Quitting smoking can be difficult for anyone. But it can be even more challenging for those experiencing mental illness.
Smoking is more common in adults with mental health disorders than those without – 35.8 percent of people living with mental illness are current cigarette smokers, compared to 15.5 percent of the general U.S. population. That’s why mental health organizations are working with federal agencies, government officials and nonprofit groups to enact policies that create healthier, smokefree environments for individuals with mental health issues.
Learn about three ways that mental health organizations are advocating for smokefree lifestyles.
Making treatment facilities smokefree
Imagine how difficult it must be to quit when people are smoking all around you. Many smokers face social barriers when trying to quit, and many people being treated for mental health conditions are in the same situation. In 2016, less than half of all mental health treatment facilities reported being 100 percent smokefree.
Mental health organizations and state officials are working toward reversing decades-old practices such as using tobacco as an incentive for people undergoing treatment. Many inpatient hospital programs still only allow residents to go outside when it’s for a smoke break, and cigarettes are often used as a reward for completing tasks.
But Georgia, Michigan, Oklahoma, Vermont and Virginia are among the states moving away from these practices and requiring psychiatric facilities to be 100 percent smokefree. And more are joining them. Three of Minnesota’s largest behavioral health organizations (serving a total of 40,000 people) will voluntarily go smokefree by the end of 2018. Read on to learn some of the benefits:
- Psychiatric facilities that do not allow smoking report fewer behavioral incidents and instances of patient isolation.
- Smokefree policies have been credited with reducing smoking rates and exposure to secondhand smoke.
- Psychiatric hospitals that do not permit smoking report fewer tobacco-related health issues in patients.
Screening for tobacco by mental health and substance abuse facilities and providers
It’s not enough for people with mental illnesses to be treated in a smokefree facility – they also need support and counseling to help them quit. For healthcare professionals to know when to provide cessation support and services, they must first know if they are treating an individual who smokes.
As of May 2018, only half of mental health treatment facilities and 64 percent of substance abuse facilities screen for tobacco use. Organizations such as the Substance Abuse and Mental Health Services Administration distribute toolkits to facilities advocating for screening. They also believe tobacco cessation counseling should be included in all behavioral health treatment.
People experiencing mental health issues who want to quit smoking could also benefit from similar interventions. Find out about some of the benefits:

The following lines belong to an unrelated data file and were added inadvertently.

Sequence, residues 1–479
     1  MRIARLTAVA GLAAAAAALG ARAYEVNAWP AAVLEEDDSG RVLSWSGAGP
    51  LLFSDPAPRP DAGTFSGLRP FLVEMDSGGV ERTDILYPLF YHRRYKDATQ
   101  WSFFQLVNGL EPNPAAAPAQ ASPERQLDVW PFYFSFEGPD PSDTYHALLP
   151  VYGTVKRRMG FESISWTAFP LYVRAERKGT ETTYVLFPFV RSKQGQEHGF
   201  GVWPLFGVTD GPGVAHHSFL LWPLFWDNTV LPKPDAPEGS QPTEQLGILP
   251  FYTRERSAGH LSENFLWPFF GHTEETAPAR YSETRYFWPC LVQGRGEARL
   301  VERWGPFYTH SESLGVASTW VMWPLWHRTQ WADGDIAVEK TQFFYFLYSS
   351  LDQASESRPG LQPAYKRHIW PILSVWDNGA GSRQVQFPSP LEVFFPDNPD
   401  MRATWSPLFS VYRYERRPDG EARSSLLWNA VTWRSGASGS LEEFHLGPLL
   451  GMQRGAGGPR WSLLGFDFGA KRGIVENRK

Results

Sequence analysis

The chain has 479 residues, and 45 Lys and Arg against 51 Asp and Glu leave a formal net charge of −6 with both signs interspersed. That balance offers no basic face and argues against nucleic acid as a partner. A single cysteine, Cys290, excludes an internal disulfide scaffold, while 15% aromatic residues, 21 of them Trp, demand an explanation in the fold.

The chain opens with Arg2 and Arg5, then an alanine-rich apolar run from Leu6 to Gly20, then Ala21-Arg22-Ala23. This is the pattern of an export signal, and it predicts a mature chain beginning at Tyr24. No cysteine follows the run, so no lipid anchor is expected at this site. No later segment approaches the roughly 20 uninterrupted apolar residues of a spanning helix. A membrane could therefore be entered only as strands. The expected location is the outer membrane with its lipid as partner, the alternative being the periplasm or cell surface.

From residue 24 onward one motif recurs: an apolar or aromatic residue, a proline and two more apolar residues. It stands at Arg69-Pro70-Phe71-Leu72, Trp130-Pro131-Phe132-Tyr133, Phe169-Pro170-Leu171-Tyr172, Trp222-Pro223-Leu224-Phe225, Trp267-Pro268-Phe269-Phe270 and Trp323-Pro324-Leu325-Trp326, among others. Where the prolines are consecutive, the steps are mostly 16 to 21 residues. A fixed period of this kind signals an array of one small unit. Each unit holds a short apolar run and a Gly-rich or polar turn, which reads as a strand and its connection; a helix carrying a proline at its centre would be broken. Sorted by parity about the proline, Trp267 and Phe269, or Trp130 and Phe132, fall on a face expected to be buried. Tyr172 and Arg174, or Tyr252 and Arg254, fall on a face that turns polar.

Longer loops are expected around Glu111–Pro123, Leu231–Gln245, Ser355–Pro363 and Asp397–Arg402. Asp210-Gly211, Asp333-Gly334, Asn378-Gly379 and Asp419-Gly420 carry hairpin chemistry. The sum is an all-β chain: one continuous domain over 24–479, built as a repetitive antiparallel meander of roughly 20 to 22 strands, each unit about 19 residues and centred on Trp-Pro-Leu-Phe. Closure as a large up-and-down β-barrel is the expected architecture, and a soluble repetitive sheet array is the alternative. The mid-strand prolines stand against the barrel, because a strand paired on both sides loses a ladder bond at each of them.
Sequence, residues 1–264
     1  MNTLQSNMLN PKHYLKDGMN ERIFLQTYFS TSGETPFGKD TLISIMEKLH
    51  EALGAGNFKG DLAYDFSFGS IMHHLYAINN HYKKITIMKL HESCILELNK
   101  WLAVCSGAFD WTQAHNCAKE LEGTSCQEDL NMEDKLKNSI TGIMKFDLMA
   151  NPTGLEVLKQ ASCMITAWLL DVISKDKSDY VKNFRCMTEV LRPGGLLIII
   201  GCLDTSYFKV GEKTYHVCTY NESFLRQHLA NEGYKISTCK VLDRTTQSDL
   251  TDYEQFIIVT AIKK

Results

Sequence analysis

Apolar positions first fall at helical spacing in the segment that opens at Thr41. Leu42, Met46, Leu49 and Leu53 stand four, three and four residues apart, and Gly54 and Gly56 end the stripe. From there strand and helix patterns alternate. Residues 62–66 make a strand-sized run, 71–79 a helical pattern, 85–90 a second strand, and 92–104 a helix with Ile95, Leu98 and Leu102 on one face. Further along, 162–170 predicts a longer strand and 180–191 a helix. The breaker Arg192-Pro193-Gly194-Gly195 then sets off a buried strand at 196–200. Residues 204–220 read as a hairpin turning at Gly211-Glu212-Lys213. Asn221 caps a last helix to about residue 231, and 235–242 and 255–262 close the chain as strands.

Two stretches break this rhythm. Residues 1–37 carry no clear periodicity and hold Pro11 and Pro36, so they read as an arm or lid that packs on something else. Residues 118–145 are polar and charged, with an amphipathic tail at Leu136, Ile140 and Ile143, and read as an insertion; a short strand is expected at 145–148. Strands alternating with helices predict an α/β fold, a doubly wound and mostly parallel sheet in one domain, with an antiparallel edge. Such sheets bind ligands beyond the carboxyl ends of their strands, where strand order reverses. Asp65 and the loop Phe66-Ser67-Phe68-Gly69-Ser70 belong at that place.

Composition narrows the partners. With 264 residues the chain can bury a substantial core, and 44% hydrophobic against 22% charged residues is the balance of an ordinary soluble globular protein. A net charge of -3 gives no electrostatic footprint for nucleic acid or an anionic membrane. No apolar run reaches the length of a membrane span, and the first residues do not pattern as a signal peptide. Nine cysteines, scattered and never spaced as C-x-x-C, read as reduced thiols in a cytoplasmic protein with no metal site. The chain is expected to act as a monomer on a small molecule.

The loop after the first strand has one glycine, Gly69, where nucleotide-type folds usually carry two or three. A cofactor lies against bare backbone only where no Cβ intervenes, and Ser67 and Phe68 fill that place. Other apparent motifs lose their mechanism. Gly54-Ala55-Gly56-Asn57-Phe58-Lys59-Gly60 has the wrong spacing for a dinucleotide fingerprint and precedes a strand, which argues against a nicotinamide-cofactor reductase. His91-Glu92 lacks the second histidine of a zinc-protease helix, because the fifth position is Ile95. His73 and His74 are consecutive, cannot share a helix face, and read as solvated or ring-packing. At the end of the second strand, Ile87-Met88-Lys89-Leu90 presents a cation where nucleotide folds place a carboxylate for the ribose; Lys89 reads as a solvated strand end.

- Support from a healthcare provider that includes counseling and medication can double a smoker’s chance of quitting.
- Studies show improvements in mood when patients quit smoking and a decrease in anxiety, depression, and stress.
- Smoking cessation and addiction treatment resulted in a 25 percent increased likelihood of long-term abstinence from alcohol and illicit drugs.
Requiring smokefree public housing
Even for those undergoing treatment for mental illness in a smokefree facility, there are still triggers everywhere, including at home or work. As more and more companies create smokefree workplaces for their employees, federal officials – with the support of mental health and other advocates – are implementing tobacco-free policies in public spaces.
Public housing units and administrative buildings in the U.S. are now smokefree, including inside and around buildings. The main goal is to reduce exposure to secondhand smoke for people living in public housing. But the move may also cause some residents and staff to quit smoking. This policy will potentially also benefit people with mental illness who smoke, since they are more likely to live below poverty level.
The American Lung Association’s Smokefree Housing Initiative partnered with Robert Wood Johnson Foundation and Mental Health America on a program called Smokefree at Home: Implementing Smokefree Policies at HUD (Housing and Urban Development) Properties to publicize the policy and advocate for making sure people with mental illness can comply with the smokefree policy and stay in their homes. This includes building awareness about potential options to help residents quit smoking.
Smokefree housing is a health benefit for all. Read on to learn more about the benefits:
- More than 2 million public housing residents will be protected, including thousands of children.
- Eliminating secondhand smoke creates a healthier environment for non-smoking residents and children since smoke often travels between apartment units. Children who breathe secondhand smoke are more likely to get sick.
- The chance of accidental fire and deaths from fire decrease when a home is smokefree. And there’s less of a risk of burns to people or property damage.
It’s up to all of us to create a smokefree community and protect at-risk populations and others from the dangers of tobacco. Communities like Quitter’s Circle provide tools and resources to help smokers in their quit journey, including resources to connect with a healthcare provider.